Inside a refrigerated container brought into Britain by lorry, 39 people died. Why was their nationality a surprise?24 October 2019
The first was that though the driver of the vehicle was from Northern Ireland and was arrested on suspicion of murder, the victims had all got into the container in Western Europe, not in Ireland.
The company that the truck-driver Mo Robinson, 25, was working for had no obvious connection with the owners of the container.
The fact that the trucking company was registered in Bulgaria may be suspicious, but is not concrete proof that the trucker or his company was in cahoots with a smuggling ring based in eastern Europe.
The second and far more surprising aspect, not picked up for many hours by the British media, was the nationality of the people being trafficked or smuggled. They were not, as the media had rushed to assume, desperate would-be refugees from war-torn Syria or even from Afghanistan.
Rather, the 30 men, one teenager and eight women were all from the Far East, Vietnamese using a Chinese-based smuggling ring, the British authorities have disclosed.
This rather undermined the instant experts, including a British representative of the Red Cross, who argued that if only Western Europe in general and Britain in particular would be more generous in providing immigrant visas or asylum, people from conflict zones or those living in poverty-stricken countries would not resort to dangerous journeys inside lorries or containers.
China has the world’s second-biggest economy and has enjoyed rapidly rising living standards. Vietnam has made good economic progress in recent years. Experts say many Chinese are lured into taking risky voyages to Europe through being given false information about the high living standards they will enjoy and the social benefits to which they will be entitled. They do not have any real idea of how dangerous it is to be cooped up in trucks or, where this is done, to undertake sea voyages in unsuitable boats.
For years, illegal immigrants have tried to reach Britain by stowing away in trucks, often from the European mainland. In the biggest tragedy, 58 Chinese were found dead in a tomato truck in 2000 at the south-eastern English port of Dover.
The people-smuggling industry is fueled in part by the sympathy expressed by liberal Europeans for people from third-world countries, and a belief that anyone from anywhere in the world is entitled to live wherever he or she chooses. The asylum system, however, restricts the rights of asylum-seekers to those being able to show a “genuine and reasonable fear of persecution” in their home countries. It also says only the country where the would-be asylum-seeker first reaches has an obligation to give them this permanent shelter. Most would-be asylum-seekers, unless they have arrived in the UK or another European city by a direct air-flight, will have crossed several countries first.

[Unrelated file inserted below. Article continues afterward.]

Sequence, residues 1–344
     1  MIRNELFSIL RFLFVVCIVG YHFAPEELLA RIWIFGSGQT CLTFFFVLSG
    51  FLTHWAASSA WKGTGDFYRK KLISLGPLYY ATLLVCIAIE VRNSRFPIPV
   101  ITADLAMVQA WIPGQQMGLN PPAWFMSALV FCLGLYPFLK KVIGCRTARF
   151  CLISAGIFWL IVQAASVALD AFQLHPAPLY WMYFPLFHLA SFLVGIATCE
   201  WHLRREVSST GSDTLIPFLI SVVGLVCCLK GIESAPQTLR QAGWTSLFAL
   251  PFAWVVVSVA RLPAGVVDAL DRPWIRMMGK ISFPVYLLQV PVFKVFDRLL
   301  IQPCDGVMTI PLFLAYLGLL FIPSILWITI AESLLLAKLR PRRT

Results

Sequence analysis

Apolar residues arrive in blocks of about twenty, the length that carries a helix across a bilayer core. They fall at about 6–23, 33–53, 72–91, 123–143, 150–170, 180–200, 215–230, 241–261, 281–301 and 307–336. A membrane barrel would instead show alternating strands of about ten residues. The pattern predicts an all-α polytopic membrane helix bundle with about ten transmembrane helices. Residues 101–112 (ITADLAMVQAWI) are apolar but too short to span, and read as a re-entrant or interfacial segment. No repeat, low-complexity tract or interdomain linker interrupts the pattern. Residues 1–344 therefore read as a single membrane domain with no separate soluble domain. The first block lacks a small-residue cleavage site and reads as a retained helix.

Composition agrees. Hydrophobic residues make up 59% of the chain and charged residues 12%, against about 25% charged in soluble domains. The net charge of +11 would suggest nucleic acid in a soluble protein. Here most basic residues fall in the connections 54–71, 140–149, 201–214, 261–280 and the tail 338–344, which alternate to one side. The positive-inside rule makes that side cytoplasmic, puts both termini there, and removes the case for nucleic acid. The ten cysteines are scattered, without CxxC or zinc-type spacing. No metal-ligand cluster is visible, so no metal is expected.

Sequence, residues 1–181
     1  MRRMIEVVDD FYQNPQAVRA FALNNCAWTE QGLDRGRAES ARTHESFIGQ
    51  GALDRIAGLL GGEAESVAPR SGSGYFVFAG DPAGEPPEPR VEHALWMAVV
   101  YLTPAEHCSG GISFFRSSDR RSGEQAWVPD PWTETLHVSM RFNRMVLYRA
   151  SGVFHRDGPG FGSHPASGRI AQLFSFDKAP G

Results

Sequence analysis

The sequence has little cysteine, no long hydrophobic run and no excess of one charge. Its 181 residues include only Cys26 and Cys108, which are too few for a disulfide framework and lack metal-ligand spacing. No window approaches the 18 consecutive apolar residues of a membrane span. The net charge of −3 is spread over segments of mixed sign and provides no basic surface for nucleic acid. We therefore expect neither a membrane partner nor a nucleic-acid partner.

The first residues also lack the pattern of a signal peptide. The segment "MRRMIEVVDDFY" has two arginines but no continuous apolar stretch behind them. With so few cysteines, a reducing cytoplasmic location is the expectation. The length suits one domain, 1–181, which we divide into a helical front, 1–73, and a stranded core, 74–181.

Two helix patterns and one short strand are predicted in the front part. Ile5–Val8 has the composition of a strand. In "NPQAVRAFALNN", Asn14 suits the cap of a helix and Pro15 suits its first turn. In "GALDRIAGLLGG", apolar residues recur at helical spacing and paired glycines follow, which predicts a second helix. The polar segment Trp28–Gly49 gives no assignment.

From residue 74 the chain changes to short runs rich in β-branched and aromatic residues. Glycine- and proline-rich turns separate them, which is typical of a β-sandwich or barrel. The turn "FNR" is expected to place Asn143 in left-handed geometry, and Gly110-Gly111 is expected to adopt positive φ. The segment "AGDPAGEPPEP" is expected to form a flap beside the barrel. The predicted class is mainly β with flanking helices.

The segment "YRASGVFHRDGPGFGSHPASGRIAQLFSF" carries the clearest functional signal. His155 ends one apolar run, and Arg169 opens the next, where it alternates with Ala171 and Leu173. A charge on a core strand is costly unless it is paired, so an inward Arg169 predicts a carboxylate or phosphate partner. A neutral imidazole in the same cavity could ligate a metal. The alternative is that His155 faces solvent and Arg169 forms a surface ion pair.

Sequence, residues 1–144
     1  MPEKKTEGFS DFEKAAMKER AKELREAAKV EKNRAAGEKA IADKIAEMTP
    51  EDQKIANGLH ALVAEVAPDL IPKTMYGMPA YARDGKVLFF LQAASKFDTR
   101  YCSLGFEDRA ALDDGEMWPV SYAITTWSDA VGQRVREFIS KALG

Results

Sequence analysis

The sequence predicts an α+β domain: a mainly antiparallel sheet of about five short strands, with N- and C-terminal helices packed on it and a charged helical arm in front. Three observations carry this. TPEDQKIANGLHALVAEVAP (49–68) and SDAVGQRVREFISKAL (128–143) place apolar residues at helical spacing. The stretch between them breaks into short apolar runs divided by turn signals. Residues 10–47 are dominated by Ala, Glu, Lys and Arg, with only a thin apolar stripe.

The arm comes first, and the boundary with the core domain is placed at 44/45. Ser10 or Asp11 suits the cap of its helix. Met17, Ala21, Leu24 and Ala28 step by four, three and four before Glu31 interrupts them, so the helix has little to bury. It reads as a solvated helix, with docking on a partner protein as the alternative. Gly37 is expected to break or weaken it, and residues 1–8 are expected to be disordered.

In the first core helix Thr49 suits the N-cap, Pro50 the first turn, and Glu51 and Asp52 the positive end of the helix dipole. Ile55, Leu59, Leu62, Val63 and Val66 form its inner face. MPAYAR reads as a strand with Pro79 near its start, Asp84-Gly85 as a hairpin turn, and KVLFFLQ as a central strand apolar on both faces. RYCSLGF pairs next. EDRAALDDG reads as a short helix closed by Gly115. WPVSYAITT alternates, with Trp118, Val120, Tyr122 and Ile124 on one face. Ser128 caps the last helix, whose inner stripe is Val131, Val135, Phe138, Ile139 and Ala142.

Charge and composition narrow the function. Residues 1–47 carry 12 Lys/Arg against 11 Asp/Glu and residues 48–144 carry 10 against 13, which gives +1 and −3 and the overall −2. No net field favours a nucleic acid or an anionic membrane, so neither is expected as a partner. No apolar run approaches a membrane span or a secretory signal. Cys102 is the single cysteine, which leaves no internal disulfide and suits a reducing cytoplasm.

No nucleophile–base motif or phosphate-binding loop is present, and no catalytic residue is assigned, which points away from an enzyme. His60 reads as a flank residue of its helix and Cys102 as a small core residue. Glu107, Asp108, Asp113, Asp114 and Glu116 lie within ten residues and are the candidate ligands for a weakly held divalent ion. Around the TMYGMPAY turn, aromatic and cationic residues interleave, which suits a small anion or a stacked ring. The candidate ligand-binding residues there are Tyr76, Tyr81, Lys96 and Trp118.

Immigration not poverty is the prime reason for a Far Eastern influx into Europe.
It has been happening for several years – and not jut with the destination being the United Kingdom.
It is believed around 100 people were getting into the country annually through the scam at Dublin Airport – until the scheme was uncovered in January 2017.
Chinese people smugglers, known as ‘snakeheads’, would charge between €10,000 and €30,000 per smuggled person.
In the container disaster this week, the family of one Vietnamese woman say they paid thirty thousand pounds to smugglers who guaranteed to transport her from Vietnam to Britain. The BBC has reported that it understands this money has been paid back to the family now she is dead.
The immigrants had come to Europe by a different means – many may have been in Europe illegally for some time. They then boarded the country’s national airline, Air Lingus, at a European city.
At Dublin’s international airport, they were able to bypass Passport Control, Customs and Immigration.
- Foreign nationals would follow the normal walk towards Immigration and be “intercepted”
- The illegal immigrants were then brought into a room and given uniforms and high-visibility vests
- They were ferried out of Dublin Airport to a car park in catering trucks that had permits to travel into and out of the normally restricted zones of the airport.
They ring was only uncovered by luck: one would-be illegal immigrant had missed his flight and was not intercepted on the tarmac by the smuggling ring, so reached passport control and was apprehended.
Three men aged 61, 56 and 28 – two of whom worked for Aer Lingus – were later arrested at the airport. Two of the suspects were foreign nationals. One, a former Hong Kong resident, was sentenced to four years in jail.
Ironically, the vehicle that drove the container this week had “Ireland” emblazoned on the windscreen along with the message “The Ultimate Dream”. It started its journey in Dublin, police said.
Shaun Sawyer, national spokesman for British police on human trafficking, said Britain was perceived by organised crime as a potentially easy target for traffickers.
“We have to accept that we have permeable borders,” he told BBC radio.